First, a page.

Slow foodies are not cavemen

Freakonomics calls the local-grown, sustainable movement a retreat to "primitivism." It's really proof of progress

Published March 10, 2010 7:20PM (EST)

The condescension pours from James E. McWilliams' Freakonomics post, "The Persistence of the Primitive Food Movement," with all the force and power of thousands of bushels of genetically modified corn pouring into an Iowa silo.

Americans are currently embracing a strange sort of primitivism. Bicycles are losing gears, runners are afoot in shoes designed to create a barefoot sensation (some are even running barefoot), and men are growing bushy Will Oldham-like beards. It's all very curious and entertaining.

But nowhere has our love for the supposed simplicity of the past been more evident than in food trends.

McWilliams, a historian at Texas State University, has made challenging the mores of the organic, slow food, eat local movements his life work. The title of his last book: "Just Food: How Locavores Are Endangering the Future of Food and How We Can Truly Eat Responsibly," is sufficiently illuminating. This time out, his argument is straightforward: The reaction against "industrial food" is just another time-honored manifestation of an American infatuation with a simpler life.

For all their moral impact, our linear jeremiads fail to capture the circularity of history. This is especially true with our back-to-the past reaction to "industrial food." Current calls for dietary simplicity might have a revolutionary ring to them. But what's overlooked in all the enthusiasm is this: Americans have always idealized, or at least harkened back to, an agricultural era when production was supposedly simpler, closer to the land, and unadulterated by the complexities of modernization. What we're seeing right now with the food movement is, for all its supposed novelty, a stock (even banal) reaction to broad historical changes.

Wow: "curious," "entertaining" and "banal." That's quite the triple play. I imagine McWilliams observing the customers at a Berkeley farmer's market with the bored half-smile of a late 18th century French aristocrat gracing his face. Ah, the native customs here, their very quaintness makes them both fascinating and so very, very dull!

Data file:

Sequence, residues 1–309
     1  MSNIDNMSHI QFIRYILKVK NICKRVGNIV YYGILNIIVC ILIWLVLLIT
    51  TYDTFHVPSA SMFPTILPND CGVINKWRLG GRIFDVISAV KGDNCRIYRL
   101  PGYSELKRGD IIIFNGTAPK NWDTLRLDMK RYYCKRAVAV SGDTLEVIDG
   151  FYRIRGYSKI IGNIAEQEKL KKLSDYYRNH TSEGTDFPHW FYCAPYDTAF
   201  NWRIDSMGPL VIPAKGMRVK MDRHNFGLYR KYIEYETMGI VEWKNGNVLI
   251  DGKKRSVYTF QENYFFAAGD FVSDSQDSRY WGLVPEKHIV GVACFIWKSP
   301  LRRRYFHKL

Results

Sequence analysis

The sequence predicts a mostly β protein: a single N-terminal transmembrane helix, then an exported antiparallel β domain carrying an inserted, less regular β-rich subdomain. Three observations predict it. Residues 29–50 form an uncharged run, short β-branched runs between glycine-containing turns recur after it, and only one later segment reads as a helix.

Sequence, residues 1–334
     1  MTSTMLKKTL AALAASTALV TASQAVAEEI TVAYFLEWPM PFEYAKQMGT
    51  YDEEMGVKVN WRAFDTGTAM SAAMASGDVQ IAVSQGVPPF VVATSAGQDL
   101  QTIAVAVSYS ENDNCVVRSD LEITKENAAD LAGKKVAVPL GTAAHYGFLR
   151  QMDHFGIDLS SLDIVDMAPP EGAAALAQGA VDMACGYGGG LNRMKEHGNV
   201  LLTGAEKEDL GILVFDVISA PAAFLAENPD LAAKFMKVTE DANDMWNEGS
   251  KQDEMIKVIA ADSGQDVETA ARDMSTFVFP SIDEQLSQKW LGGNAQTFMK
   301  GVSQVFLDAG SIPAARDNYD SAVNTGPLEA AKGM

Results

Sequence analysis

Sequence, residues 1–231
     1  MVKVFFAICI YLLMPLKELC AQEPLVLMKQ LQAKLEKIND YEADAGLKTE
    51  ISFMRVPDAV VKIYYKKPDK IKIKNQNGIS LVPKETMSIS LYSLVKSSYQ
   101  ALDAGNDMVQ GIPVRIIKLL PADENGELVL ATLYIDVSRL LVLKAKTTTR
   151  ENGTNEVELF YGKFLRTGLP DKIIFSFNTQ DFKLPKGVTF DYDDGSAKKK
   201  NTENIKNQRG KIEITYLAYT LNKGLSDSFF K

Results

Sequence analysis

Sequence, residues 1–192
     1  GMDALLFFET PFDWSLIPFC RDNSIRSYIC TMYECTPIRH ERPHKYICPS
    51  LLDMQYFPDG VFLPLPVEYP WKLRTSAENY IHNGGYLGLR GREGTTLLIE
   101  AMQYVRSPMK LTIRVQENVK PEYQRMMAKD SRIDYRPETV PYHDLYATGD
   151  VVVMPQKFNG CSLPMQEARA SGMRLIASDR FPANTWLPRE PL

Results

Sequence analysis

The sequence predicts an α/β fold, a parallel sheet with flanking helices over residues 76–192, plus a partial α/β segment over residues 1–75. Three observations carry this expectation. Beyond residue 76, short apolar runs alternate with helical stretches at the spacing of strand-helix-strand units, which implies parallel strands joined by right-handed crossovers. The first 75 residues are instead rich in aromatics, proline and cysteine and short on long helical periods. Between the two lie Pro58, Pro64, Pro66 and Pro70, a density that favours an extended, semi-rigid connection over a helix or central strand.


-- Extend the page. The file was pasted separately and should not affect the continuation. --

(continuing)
I will grant that Americans have an undeniable tendency to idealize "mythical golden ages" and McWilliams does a good job of unearthing outbreaks of such longing, as they pertain to food, going all the way back to James Madison. But this emphasis on the circularity of history plows directly into a paradox: By dismissing those who are currently pushing for healthier food and more sustainable agriculture as "primitives" he is making an implicit argument against another core American belief -- our faith in progress.

Michael Roberts, an economist who specializes in food issues, touches upon this issue in his own response to McWilliams:

The difference between today's movement and the past is that we have data that show real costs to health stemming from cheap and highly processed food. The obesity crisis is real. Growth in diabetes is real. The broader causes are pretty clear.

That's right. Science. Michael Pollan's pithy manifesto -- "Eat food. Not too much. Mostly plants" -- isn't a reaction against modernity; it's a consequence of the human ability to probe the mysteries of the universe and learn how things work. It is rooted in science, the outcome of our ever-advancing understanding of biology and chemistry and nutrition. If the course of the Industrial Revolution proves anything, it is that history is not circular. We are hurtling into the future at high speed and making lots of mistakes as we do so. But we're smart critters and we can learn from our mistakes and fix things as we go. (That's the theory anyway -- the 21st century may yet prove me wrong.) There are health implications to eating too much processed or junk food, and there are environmental implications to industrial agribusiness, and there are always better ways to do things.

In her review of "Just Food" for Grist, Stephanie Ogburn wrote that "Again and again, one gets the uncomfortable feeling that McWilliams creates fanatical straw men in order to make his own presentation of facts seem like a rational alternative." That's exactly what he's doing at Freakonomics, and it is neither curious nor entertaining. But it is predictable contrarianism, so I guess it qualifies as banal.

By Andrew Leonard

Andrew Leonard is a staff writer at Salon. On Twitter, @koxinga21.

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